Jack raised one brow ever so slightly as his gaze locked with hers. (p. 161)
Emily's heart skipped a beat even as her brow gave a dubious lift. (p. 170)
She arched a brow. (p. 180)
Emily arched a brow. (p. 206)
He arched a brow. (p. 247)
She arched a brow. (p. 256)
Finley arched a brow. (p. 299)
He arched a brow. (p. 321)
Now she was the one whose brow rose. (p. 321)
Griffin swore—the kind of language that made Finley arch a brow. (p. 326)
And, of course, keep in mind that I didn't count any of the 'lowering' or 'pulling together' or 'shooting up'. All in all, these characters expend more energy waggling their eyebrows around than you or I would while working out to a Jillian Michaels DVD.
So, there you have it: if that sort of thing drives you bananas, I'd say give the series a miss and wait for the (hopefully inevitable) CW show.
Ten pages in, I was all, "HEY, COOL! THIS IS SO WICKER MAN-Y! I LIKE."
Then, I came to the end of the first part. And my eyes got all big and round and I was all (much more subdued, but no less blown away), "Oh, hey, this is VERY Wicker Man-y."
And then, partway through the second segment, I thought, "Wow. Hello, Cloud Atlas."
After that, I stopped thinking about anything except the story—stories—in front of me, and I read and read and read until there were no more pages to read. And I was crying.
I still feel dazed.
It's not going to be for everyone. I GUARANTEE that some readers are going to want to throw it at the wall. (Perhaps you have already done so?) But something about it resonated with me. It's not just that I'm impressed by the structure—I am—or that I love Sedgwick's writing and skillful atmosphere creation—I do—or that I was blown away by how each segment was so different, but how (even discounting the physical details: the names, the flowers, the hare) each one was also so clearly part of a larger whole.
All of those things are a part of why I loved it, but there was something... BIGGER, yet less tangible beyond that. I think it was that even though the premise doesn't jive with my own personal, in real life worldview—I'm one of those who can't wrap my mind around anything beyond conceived/born/live/die/dead*—that the idea of these two people finding each other over and over again was genuinely, heart-wrenchingly beautiful.
Even though [SPOILER] it was a tragedy almost every time.
But, compared to the love that began—and ultimately ended—their story, the tragedy that followed them felt inconsequential. [/SPOILER]
As the footnote below explains, I have a hard time with the metaphysical.
It's just a gorgeous, gorgeous book.
So good that it has apparently made my brain implode.
*Which reminds me of a conversation I had years ago:
Family Friend Who Is Way Into Astrology: And so since you have so much Libra in your chart, that means that etc., etc....
Me: I dunno. I just have a hard time buying the idea that I am who I am because of where the planets were when I was born.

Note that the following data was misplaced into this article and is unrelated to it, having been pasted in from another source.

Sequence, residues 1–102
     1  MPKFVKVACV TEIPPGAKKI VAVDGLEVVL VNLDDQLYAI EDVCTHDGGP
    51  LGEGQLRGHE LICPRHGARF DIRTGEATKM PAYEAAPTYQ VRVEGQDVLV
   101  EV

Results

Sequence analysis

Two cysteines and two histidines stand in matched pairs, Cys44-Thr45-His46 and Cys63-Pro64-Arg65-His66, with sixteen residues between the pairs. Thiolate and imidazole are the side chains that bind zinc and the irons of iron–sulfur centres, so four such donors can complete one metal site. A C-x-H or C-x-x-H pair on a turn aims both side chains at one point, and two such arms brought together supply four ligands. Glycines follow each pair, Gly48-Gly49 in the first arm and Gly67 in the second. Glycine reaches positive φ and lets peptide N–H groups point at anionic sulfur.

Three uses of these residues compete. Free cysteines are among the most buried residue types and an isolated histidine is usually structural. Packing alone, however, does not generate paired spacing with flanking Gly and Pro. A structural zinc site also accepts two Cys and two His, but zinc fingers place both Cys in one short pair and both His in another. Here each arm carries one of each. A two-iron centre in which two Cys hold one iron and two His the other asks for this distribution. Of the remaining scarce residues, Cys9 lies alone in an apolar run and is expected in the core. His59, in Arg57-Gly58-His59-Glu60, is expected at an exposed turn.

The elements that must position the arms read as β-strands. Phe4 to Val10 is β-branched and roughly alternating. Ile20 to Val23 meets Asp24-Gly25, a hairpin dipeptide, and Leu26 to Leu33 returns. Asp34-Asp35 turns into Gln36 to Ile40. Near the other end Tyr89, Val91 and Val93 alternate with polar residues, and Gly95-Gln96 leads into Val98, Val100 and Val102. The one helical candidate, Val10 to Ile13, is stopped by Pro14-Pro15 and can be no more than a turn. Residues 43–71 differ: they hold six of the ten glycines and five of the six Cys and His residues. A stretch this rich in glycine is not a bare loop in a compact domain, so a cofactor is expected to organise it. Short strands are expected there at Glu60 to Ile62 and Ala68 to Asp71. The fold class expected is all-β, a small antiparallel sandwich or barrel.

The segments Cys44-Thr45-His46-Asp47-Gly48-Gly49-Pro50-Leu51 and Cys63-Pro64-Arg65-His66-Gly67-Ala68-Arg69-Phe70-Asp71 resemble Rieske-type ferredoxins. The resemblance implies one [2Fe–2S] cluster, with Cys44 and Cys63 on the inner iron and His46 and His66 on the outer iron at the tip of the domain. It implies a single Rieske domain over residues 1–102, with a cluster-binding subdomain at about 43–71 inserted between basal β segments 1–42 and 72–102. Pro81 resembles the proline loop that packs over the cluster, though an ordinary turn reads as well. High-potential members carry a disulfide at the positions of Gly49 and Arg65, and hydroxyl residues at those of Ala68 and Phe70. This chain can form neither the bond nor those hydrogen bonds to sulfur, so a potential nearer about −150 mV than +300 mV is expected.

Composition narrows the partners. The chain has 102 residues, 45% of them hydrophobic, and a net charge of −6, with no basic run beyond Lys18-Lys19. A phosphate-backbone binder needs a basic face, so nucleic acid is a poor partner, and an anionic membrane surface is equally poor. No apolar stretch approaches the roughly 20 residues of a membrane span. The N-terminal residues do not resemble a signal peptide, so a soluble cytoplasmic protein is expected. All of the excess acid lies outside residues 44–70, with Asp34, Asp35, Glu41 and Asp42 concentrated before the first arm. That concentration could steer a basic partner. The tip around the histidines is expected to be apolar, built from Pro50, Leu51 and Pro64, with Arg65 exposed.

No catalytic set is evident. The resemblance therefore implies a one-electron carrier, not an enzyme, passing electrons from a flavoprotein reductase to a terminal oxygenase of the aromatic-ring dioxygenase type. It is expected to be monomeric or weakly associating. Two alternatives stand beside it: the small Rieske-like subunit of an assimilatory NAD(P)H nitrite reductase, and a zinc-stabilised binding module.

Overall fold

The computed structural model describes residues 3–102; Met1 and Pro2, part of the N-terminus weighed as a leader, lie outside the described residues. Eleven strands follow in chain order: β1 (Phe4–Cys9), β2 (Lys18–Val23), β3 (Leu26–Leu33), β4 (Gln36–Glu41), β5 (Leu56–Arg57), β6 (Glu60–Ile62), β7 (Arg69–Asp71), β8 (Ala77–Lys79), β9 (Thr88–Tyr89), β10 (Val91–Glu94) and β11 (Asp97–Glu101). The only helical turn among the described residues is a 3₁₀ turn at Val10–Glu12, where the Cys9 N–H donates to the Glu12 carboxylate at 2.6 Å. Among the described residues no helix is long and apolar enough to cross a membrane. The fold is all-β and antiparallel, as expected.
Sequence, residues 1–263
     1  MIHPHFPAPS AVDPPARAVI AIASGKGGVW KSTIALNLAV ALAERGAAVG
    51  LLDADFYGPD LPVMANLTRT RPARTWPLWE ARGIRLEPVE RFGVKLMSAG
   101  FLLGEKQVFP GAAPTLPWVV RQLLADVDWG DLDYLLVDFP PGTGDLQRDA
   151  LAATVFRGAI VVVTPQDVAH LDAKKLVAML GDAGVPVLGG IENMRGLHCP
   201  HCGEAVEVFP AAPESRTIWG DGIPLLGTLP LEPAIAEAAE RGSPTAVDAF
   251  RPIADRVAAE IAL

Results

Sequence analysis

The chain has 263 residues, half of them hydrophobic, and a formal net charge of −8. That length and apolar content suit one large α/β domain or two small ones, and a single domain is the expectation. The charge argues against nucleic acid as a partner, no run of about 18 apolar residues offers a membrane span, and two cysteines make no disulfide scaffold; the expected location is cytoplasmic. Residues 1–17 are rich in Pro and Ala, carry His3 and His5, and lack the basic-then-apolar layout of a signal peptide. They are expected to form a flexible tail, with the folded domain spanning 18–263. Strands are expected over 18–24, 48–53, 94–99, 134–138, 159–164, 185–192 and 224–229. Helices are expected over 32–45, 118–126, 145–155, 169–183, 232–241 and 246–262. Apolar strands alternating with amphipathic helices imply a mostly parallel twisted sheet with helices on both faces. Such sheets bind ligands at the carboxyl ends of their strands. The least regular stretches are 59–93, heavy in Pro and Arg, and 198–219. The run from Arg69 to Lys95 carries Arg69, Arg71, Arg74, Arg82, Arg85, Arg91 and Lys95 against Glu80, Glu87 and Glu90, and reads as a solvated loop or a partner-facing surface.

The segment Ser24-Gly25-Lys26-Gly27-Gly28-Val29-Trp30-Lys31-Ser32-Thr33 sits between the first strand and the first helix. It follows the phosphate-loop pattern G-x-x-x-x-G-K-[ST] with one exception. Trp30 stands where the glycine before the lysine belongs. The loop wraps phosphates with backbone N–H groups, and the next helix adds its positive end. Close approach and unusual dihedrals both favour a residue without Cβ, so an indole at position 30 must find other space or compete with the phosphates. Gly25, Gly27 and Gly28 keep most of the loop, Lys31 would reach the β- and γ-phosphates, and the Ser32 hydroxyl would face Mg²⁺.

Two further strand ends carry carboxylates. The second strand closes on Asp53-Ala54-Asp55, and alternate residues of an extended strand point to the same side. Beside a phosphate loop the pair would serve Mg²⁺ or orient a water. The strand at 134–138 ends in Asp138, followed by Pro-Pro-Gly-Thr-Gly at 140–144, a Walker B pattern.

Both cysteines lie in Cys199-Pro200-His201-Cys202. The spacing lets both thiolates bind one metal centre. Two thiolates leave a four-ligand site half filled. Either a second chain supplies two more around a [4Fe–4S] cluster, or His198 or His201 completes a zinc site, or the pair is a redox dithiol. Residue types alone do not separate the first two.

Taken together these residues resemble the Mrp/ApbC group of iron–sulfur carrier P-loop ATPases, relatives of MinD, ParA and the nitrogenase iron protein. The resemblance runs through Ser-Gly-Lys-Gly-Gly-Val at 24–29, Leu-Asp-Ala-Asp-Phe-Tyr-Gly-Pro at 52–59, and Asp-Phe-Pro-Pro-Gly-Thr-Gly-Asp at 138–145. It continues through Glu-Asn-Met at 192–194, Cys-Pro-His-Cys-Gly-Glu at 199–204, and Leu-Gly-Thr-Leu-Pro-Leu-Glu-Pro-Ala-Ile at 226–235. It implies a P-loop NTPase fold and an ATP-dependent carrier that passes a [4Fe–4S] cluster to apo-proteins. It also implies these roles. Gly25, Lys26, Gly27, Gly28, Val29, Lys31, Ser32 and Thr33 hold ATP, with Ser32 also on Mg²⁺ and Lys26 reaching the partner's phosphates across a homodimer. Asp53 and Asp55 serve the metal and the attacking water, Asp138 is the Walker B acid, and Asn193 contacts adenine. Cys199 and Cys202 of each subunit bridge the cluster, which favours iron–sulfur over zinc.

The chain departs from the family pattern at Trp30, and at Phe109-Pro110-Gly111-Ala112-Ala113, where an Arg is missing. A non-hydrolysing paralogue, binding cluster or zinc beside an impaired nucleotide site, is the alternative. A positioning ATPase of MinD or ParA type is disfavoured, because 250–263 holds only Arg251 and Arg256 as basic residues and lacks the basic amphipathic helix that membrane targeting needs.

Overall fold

FFWIWIA: Oh, that's just because you're a Gemini. You're all about the intellectually concrete.
Me: So I don't believe in astrology because... I'm a Gemini?
My mother's a prostitute. Not the filthy, streetwalking kind. She's actually quite pretty, fairly well spoken, and has lovely clothes. But she sleeps with men for money or gifts, and according to the dictionary, that makes her a prostitute.
Seventeen-year-old Josie Moraine doesn't want to follow in her mother's footsteps. She's known that for years, and even though she still works at the same brothel as her mother—cleaning rooms, mind you—and even though she's on good terms with Willie Woodley, the woman who owns it, she's independent enough that she's kept her own apartment since she was eleven years old.
She works part-time at the bookstore below it, and she dreams of going to college. But when Josie dreams, she dreams big: she wants out of New Orleans, to start over somewhere up North, somewhere where she can reinvent herself—where no one knows who she is or what her mother does.
LOVE: THE DIALOGUE. Out of the Easy is set in 1950, and Sepetys' characters sling slang without sounding phony or overblown, and the dialogue zings back-and-forth like in an old movie. The characters speak in distinctive voices, and unlike in Strands of Bronze and Gold, those differences in vocabulary, rhythm, and diction are affected by economic class, vocation, and education, rather than being purely dictated by the color of one's skin.
LOVE: JOSIE. Her narration has a touch of the noir hero: deadpan, world-weary, and with an understanding of ironic humor. Unlike a noir hero, though, she is open about being emotionally affected by... things that are emotionally affecting. She's smart, she's canny, and rather than blushing and wanting to melt into the ground in embarrassing situations, she treats them as opportunities—I cheered out loud when she turned one around by becoming an impromptu blackmailer, and I swooned during another when she threw herself into a cute boy's lap to save herself (and him, to a degree) from some catty mean girls.
LOVE: HER MOTHER. Well, no, actually, I loathed her mother. But I loved that she wasn't the Pretty-Woman-hooker-with-a-heart-of-gold, I loved that she wasn't secretly sympathetic, or selfless or particularly smart. She was completely self-absorbed, and while her behavior makes her come off as rotten and somewhat stupid, it's important to remember who's telling the story: Josie isn't exactly an objective party. The other women who work for Willie are a mixed bag of funny/serious/witty/quiet/ruthless/rude/mothering/mean/sensitive and everything in between, and it's easy to imagine that if another person had told the story, Louise would have come off as more human. Maybe. Then again, SOME PEOPLE ARE JUST TERRIBLE.
LOVE: THE BOOKS. Josie works in a bookstore, and she and her best friend Patrick have an ongoing game where they predict what sort of book customers will want. There are references to Dickens and Keats, Capote and even L'Engle. And, tangentially, Poe: Josie ends up with a dead man's watch—THAT'S RIGHT, ON TOP OF EVERYTHING ELSE, SHE INVESTIGATES A MURDER—under her floorboards, and she swears she can hear it ticking, ticking, ticking. Which, of course, evokes The Tell-Tale Heart.
LOVE: EVERYTHING ELSE. Sepetys is true to the era and her characters in how Patrick's story plays out; the romance is sweet and heartfelt; the details about 1950s life and culture work themselves in fluidly; Josie wants what she wants so badly that I was never quite sure about how far she'd go to get it; and while the ending certainly has some fairy-tale elements, there's enough bitter in the sweet to keep cynics (like me) from getting all up on their high horses.
Oh, I loved this book. As it's got the same combination of fantastically-rendered historical atmosphere—the dialogue is TO DIE FOR—and mystery elements, I highly, HIGHLY recommend it to fans of Judy Blundell's What I Saw and How I Lied.